in how well we live our lives and how well we treat other people.
We should strive for goodness not only because we believe
that God will hold us all accountable for the way we lived our lives, but more
importantly because only God can make our lives truly meaningful. And when we live honestly, decently,
ethically, virtuously, and morally good we’ll not only make our own lives more
meaningful, we’ll also make it more meaningful for everyone else we come into
Qoheleth beautifully summarized his thoughts in this way
(excerpts from Ecclesiastes chapters 9, 11, 12 NIV): So I reflected on all
this and concluded that the righteous and the wise and what they do are in
God’s hands, but no man knows whether love or hate awaits him. All share a
common destiny—the righteous and the wicked, the good and the bad… [So] go, eat
your food with gladness, and drink your wine with a joyful heart, for it is now
that God favors what you do… Enjoy life with your wife, whom you love, all the
days of this meaningless life that God has given you under the sun—all your
meaningless days. For this is your lot
in life and in your toilsome labor under the sun. Whatever your hand finds to do, do it with all
your might, for in the grave, where you are going, there is neither working nor
planning nor knowledge nor wisdom. I
have seen something else under the sun: the race is not to the swift or the
battle to the strong, nor does food come to the wise or wealth to the brilliant
or favor to the learned; but time and chance happen to them all… However many years a man may live, let him
enjoy them all… Now all has been heard;
here is the conclusion of the matter: Fear God and keep his commandments, for
this is the whole duty of man. For God
will bring every deed into judgment, including every hidden thing, whether it
is good or evil.
Marcus Aurelius wrote something similar: Words that everyone once used are now obsolete, and so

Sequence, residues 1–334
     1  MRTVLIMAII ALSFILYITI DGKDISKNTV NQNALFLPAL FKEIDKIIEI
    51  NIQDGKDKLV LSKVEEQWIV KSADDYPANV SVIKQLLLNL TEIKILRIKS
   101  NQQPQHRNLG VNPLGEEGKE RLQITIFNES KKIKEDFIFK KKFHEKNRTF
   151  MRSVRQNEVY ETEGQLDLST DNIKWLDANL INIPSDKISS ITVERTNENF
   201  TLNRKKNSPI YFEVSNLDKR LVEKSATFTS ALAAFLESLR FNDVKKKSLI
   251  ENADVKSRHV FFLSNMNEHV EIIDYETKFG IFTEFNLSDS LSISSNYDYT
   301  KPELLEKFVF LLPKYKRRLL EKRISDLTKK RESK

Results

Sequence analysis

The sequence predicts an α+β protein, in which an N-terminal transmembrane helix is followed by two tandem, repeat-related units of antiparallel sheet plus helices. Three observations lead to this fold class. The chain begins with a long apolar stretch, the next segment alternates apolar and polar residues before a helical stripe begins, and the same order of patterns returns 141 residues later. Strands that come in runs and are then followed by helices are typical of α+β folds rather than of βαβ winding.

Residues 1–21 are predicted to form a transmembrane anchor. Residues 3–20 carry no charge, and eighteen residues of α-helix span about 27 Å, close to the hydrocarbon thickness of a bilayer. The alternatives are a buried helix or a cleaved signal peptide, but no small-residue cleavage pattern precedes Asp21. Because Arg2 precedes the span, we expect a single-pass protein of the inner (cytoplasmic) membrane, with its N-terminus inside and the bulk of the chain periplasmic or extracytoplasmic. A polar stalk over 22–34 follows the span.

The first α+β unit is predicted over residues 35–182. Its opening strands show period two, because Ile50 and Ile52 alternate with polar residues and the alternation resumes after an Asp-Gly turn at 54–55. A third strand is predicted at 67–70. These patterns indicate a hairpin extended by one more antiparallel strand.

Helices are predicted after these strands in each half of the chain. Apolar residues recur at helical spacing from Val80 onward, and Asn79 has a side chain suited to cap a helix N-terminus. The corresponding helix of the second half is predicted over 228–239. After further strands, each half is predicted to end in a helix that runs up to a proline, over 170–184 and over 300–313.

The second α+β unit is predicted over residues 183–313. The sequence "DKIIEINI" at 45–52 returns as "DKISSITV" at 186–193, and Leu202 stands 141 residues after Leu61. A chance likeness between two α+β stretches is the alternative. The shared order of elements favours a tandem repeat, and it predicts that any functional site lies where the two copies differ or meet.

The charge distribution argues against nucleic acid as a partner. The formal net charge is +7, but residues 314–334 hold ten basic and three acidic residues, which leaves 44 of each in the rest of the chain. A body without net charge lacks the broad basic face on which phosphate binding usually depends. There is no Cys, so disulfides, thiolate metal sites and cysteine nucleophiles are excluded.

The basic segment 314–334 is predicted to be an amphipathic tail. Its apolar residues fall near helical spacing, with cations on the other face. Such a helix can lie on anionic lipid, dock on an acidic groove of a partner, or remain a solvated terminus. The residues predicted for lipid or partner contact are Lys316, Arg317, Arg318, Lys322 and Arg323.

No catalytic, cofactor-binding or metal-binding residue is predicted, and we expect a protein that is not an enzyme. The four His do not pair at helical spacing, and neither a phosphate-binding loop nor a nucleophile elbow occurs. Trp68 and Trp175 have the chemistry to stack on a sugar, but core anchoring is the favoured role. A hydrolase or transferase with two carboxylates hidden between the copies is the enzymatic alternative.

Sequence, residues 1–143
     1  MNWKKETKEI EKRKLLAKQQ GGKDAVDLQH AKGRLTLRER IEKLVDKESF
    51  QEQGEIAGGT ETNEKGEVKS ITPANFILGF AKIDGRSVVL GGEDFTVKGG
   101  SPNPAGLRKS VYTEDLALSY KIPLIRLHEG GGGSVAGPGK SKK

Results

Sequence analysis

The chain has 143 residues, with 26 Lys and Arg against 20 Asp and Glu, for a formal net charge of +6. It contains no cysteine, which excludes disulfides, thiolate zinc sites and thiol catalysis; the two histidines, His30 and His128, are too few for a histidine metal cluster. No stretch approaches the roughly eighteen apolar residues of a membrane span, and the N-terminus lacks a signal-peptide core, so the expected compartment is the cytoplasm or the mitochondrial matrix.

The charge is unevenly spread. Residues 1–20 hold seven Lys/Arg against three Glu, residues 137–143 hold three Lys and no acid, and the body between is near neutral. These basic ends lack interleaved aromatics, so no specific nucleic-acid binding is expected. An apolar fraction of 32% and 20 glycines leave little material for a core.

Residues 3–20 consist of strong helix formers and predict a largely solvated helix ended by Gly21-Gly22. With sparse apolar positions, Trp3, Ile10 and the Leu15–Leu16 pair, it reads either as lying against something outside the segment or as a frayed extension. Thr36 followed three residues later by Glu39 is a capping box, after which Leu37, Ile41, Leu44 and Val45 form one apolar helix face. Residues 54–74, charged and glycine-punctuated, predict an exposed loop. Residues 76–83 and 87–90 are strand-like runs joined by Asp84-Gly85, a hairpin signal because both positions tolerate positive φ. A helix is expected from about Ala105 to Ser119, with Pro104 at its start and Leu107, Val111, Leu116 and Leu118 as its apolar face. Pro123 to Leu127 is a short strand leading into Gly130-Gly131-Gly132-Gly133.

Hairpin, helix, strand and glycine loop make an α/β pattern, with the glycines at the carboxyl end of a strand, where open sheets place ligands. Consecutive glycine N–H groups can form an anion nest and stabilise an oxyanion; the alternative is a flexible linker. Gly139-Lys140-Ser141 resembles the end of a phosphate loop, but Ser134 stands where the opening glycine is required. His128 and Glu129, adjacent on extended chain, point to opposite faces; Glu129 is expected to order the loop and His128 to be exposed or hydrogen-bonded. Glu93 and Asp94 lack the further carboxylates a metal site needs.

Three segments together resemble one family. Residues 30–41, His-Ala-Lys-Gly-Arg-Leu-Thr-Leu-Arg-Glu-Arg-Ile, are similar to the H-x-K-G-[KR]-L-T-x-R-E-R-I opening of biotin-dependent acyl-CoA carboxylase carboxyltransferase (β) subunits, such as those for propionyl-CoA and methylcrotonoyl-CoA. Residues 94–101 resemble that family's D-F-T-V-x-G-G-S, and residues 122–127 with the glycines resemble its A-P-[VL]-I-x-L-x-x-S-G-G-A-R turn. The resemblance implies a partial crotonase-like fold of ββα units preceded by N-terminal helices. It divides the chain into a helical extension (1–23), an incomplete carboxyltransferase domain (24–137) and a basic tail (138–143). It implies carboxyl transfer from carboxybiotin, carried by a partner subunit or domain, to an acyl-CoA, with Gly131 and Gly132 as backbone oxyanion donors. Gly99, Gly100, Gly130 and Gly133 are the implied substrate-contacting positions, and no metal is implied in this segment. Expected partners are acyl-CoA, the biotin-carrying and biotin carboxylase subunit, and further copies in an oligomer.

are the men whose names were once on everyone's lips….For all things fade away, become the stuff of
legend, and are soon buried in oblivion. Mind you, this is true only for those who
blazed once like bright stars in the firmament, but for the rest, as soon as a
few clods of earth cover their corpses, they are 'out of sight, out of mind.' In the end, what would you gain from
everlasting remembrance? Absolutely
nothing. So what is left worth living
for? This alone: justice in thought,
goodness in action, speech that cannot deceive, and a disposition glad of
whatever comes, welcoming it as necessary, as familiar, as flowing from the
same source and fountain as yourself.
In an early television episode of the science fiction series Star Trek the Next Generation, the crew of The United Star Ship Enterprise recovered an old, unmanned late 21st century spacecraft carrying the cryogenically frozen bodies of dozens of people who had died of various causes. Rather than have their bodies buried their families chose instead to have their bodies cryogenically frozen and sent into space in hopes that in the future there would be medical cures for the diseases they succombed to. Fortunately for them the ship’s doctor managed to revive many of the deceased patients using advanced 24th century medicine.